• <b>Bonhams New York, FINE BOOKS & MANUSCRIPTS, 10 Dec 2014.</b>
    <b>Bonhams Dec 10th: </b>Lot 5. FESTBUCH: Procession Following Charles V's Coronation as Holy Roman Emperor by Pope Clement<br>VII. Est. $120,000-180,000.
    <b>Bonhams Dec 10th: </b>Lot 6. GUTENBERG BIBLE. [Bible in Latin. Mainz: Johann Gutenberg and Fust, 1455.] Est. $40,000-60,000.
    <b>Bonhams Dec 10th: </b>Lot 21. CORONELLI, VICENZO MARIA.<br>1650-1718. [Atlante Veneto.]<br> Est. $25,000-30,000.
    <b>Bonhams Dec 10th: </b>Lot 33. GIGAULT DE LA SALLE, ACHILLE ÉTIENNE. 1772-1840. Voyage pittoresque en Sicile. Est. $25,000-35,000.
    <b>Bonhams Dec 10th: </b>Lot 50. ROTTERDAM. [DE HOOGHE, ROMEYN, AND JOANNES DE VOU.] Album.<br>Est. $50,000-70,000.
    <b>Bonhams Dec 10th: </b>Lot 77. JOSEPH, MICHAEL. A Book of Cats. Covici Friede, 1930. Est. $20,000-30,000.
    <b>Bonhams Dec 10th: </b>Lot 124. DICKENS, CHARLES. 1812-1870. The Posthumous Papers of the Pickwick Club. Est. $20,000-25,000.
    <b>Bonhams Dec 10th: </b>Lot 145. SHAKESPEARE, WILLIAM. 1564-1616. Shakespear's Comedies, Histories and Tragedies. Est. $40,000-60,000.
    <b>Bonhams Dec 10th: </b>Lot 160. JOYCE, JAMES. 1882-1941. Pomes Penyeach. Paris: Obelisk Press. [September] 1932. Est. $45,000-75,000.
  • <b>19th Century Shop</b>. 30th anniversary catalogue of landmark rare books, autographs and manuscripts, and historical photographs of all ages.
    <b>19th Century Shop</b>. Abraham Lincoln, "a previously unknown portrait of exceptional quality." From the collection of John Hay.
    <b>19th Century Shop</b>. <i>The Federalist</i> (1788). An important association copy in original boards, untrimmed.
    <b>19th Century Shop</b>. Isaac Newton. <i>Philosophiae Naturalis Principia Mathematica</i> (1687).
    <b>19th Century Shop</b>. Shakespeare's <i>Comedies, Histories, and Tragedies</i> (1632).
    <b>19th Century Shop</b>. John Rockefeller. Ambrotype, the earliest known photograph of Rockefeller.
    <b>19th Century Shop</b>. Muybridge, <i>Animal Locomotion</i> (1887) subscriber's copy.
  • <b>Christies South Kensington:</b> Lot 7: A collection of letters and documents of Scottish industrialist & politician<br>D. J. Macdonald, 1922–1939.<br>£3,000–5,000
    <b>Christies South Kensington:</b> Lot 9: MARCONI WIRELESS TELEGRAPH COMPANY – A collection of material relating to the evolution of broadcasting in the early 20th century. £3,000–5,000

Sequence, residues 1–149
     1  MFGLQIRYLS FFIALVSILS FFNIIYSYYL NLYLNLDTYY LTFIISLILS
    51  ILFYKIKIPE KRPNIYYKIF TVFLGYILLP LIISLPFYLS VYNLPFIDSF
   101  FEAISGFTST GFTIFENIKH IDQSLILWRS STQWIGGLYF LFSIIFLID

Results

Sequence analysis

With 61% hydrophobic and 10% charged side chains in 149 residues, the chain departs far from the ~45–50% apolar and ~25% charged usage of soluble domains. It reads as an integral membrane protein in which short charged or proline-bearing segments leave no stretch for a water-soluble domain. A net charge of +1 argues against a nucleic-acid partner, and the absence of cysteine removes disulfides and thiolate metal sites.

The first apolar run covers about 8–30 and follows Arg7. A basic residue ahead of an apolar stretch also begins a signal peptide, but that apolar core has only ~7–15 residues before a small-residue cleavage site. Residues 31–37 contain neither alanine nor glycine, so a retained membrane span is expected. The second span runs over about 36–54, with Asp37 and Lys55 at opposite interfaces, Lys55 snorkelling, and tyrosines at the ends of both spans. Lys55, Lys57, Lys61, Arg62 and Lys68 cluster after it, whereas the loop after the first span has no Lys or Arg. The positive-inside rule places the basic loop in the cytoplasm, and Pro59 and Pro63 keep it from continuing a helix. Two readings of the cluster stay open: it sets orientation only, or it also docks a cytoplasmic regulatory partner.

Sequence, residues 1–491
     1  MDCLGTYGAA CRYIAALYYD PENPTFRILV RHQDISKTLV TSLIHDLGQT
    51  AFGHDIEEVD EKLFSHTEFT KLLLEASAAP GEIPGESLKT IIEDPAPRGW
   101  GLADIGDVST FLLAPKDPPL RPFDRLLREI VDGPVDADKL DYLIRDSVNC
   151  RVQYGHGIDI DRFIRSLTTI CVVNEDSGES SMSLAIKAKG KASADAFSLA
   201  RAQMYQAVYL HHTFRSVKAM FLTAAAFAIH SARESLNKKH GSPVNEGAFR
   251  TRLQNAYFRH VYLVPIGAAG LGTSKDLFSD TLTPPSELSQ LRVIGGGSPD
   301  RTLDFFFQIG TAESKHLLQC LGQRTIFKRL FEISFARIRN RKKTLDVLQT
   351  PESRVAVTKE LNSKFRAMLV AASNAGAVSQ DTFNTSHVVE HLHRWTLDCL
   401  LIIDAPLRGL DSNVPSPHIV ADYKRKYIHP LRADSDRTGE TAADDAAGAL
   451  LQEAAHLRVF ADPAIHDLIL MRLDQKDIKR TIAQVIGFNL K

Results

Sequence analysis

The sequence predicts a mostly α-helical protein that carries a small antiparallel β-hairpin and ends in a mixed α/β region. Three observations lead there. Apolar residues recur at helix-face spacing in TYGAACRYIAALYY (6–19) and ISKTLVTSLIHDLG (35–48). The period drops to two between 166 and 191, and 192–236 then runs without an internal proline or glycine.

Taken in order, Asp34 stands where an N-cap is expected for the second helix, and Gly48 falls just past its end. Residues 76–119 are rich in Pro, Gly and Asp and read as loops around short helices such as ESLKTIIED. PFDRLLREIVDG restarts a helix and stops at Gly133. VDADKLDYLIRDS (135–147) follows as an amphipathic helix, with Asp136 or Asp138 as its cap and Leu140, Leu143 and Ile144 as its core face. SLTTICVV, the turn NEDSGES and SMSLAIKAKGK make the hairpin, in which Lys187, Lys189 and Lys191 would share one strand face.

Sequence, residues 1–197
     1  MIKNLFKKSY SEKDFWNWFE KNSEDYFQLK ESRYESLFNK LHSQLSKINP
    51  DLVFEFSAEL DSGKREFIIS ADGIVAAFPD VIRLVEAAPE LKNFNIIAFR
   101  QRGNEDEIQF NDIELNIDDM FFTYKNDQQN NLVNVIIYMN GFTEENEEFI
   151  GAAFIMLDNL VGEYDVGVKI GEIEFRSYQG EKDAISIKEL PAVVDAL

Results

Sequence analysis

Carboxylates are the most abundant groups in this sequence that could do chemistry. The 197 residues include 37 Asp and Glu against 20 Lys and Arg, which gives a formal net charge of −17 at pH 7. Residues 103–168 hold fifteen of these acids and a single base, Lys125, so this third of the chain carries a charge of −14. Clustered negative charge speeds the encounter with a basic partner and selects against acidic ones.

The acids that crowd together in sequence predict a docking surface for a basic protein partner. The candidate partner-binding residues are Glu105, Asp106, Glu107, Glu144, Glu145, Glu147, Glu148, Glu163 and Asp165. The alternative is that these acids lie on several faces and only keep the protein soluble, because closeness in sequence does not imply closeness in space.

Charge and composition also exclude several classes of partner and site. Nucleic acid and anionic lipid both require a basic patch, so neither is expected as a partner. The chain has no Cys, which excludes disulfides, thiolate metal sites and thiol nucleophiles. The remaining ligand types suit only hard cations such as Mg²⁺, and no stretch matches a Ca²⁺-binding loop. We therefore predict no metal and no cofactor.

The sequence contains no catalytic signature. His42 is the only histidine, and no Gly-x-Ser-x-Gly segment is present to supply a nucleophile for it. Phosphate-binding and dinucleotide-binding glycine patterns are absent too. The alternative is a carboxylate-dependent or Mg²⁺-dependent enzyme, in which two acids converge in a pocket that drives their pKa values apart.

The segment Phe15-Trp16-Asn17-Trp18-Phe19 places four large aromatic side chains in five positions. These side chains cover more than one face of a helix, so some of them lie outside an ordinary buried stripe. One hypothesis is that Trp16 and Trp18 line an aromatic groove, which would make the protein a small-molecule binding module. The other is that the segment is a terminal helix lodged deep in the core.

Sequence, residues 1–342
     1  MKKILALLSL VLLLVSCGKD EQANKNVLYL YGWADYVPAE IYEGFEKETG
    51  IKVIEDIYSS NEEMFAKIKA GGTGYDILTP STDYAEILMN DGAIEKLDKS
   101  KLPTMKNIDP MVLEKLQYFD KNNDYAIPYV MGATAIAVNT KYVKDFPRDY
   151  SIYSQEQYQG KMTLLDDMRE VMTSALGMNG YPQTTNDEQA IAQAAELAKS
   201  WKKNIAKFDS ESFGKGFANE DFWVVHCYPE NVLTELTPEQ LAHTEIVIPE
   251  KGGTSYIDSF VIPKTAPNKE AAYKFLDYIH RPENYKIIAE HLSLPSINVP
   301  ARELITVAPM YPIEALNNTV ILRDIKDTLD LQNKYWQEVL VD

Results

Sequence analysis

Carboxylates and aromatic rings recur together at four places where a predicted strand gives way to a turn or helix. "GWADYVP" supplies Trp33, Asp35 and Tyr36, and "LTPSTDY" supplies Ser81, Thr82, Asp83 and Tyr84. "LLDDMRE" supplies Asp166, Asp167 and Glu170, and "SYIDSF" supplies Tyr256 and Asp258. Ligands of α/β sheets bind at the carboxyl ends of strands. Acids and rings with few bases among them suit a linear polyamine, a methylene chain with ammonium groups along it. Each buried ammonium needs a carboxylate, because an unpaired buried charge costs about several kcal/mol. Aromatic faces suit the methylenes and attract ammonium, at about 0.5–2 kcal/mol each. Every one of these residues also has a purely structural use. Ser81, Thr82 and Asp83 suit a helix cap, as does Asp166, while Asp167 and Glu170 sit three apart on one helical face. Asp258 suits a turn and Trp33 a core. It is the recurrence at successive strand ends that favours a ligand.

<b>Christies South Kensington:</b> Lot 27: Francesco Maurolico (1494–1575). <i>Martyrologium … Francisci Maurolyci … multo quam antea purgatum, & locupletatum</i>. Venice: Lucas Antonius Giunta, 1568. £6,000–9,000
    <b>Christies South Kensington:</b> Lot 39: Henry Purcell (1659–1695). <i>Orpheus Britannicus</i>. A Collection of all the Choicest Songs for One, Two, and Three Voices. London: for Henry Playford, 1698–1702. £3,000–5,000
    <b>Christies South Kensington:</b> Lot 111: Abraham Ortelius (1527–1598). <i>Theatrum oder Schwabüch des Erdtkreijs</i>. Antwerp: [Jan Baptist Vrients], 1602. £10,000–15,000
    <b>Christies South Kensington:</b> Lot 138: W. L. Wyllie and H. W. Brewer. <i>Bird's Eye View of London as seen from a balloon</i>. London: The Graphic, 1884. £3,000–5,000
    <b>Christies South Kensington:</b> Lot 202: John Speed (1552–1629). <i>The Theatre of the Empire of Great Britaine</i>. London, 1627–[46]. £15,000–25,000
  • <b>Whitmore Rare Books.</b> Bill Wilson, Alcoholics Anonymous. Stunning first edition in original dust jacket.
    <b>Whitmore Rare Books.</b> Valentine Davies, Miracle on 34th Street. A holiday favorite.
    <b>Whitmore Rare Books.</b> Jane Austen, Sense and Sensibility. Austen’s first published novel.
    <b>Whitmore Rare Books.</b> Seeking to purchase fine books and collections.
    <b>Whitmore Rare Books.</b> Jack Kerouac, On the Road. The Beat generation bible.
    <b>Whitmore Rare Books.</b> Print catalogues regularly issued, call or email for a copy.
    <b>Whitmore Rare Books.</b> Arthur Miller, Death of a Salesman. An exceptional first edition.
    <b>Whitmore Rare Books.</b> Leo Tolstoy, War and Peace. Rare London edition, the first in English.
    <b>Whitmore Rare Books.</b> William Wordsworth, Poems. In a charming full-morocco binding.
    <b>Whitmore Rare Books.</b> Print catalogues regularly issued, call or email for a copy.
    <b>Whitmore Rare Books.</b> Ray Bradbury, Fahrenheit 451. In the publisher’s asbestos binding.
    <b>Whitmore Rare Books.</b> Cormac McCarthy, Blood Meridian. McCarthy’s best book.
    <b>Whitmore Rare Books.</b> Sir Arthur Conan Doyle, The Hound of the Baskervilles. A Fine copy.
    <b>Whitmore Rare Books.</b> Seeking to purchase fine books and collections.
    <b>Whitmore Rare Books.</b> Robert Bloch, Psycho. A lovely copy of a fragile book.
    <b>Whitmore Rare Books.</b> Roald Dahl, Charlie and the Chocolate Factory. A perennial favorite.

AE Monthly

Book Catalogue Reviews - January - 2012 Issue

Texas and the West from Kenston Rare Books

Kenstonw2011

“Pappy” O'Daniel's song on the cover of Kenston's catalogue.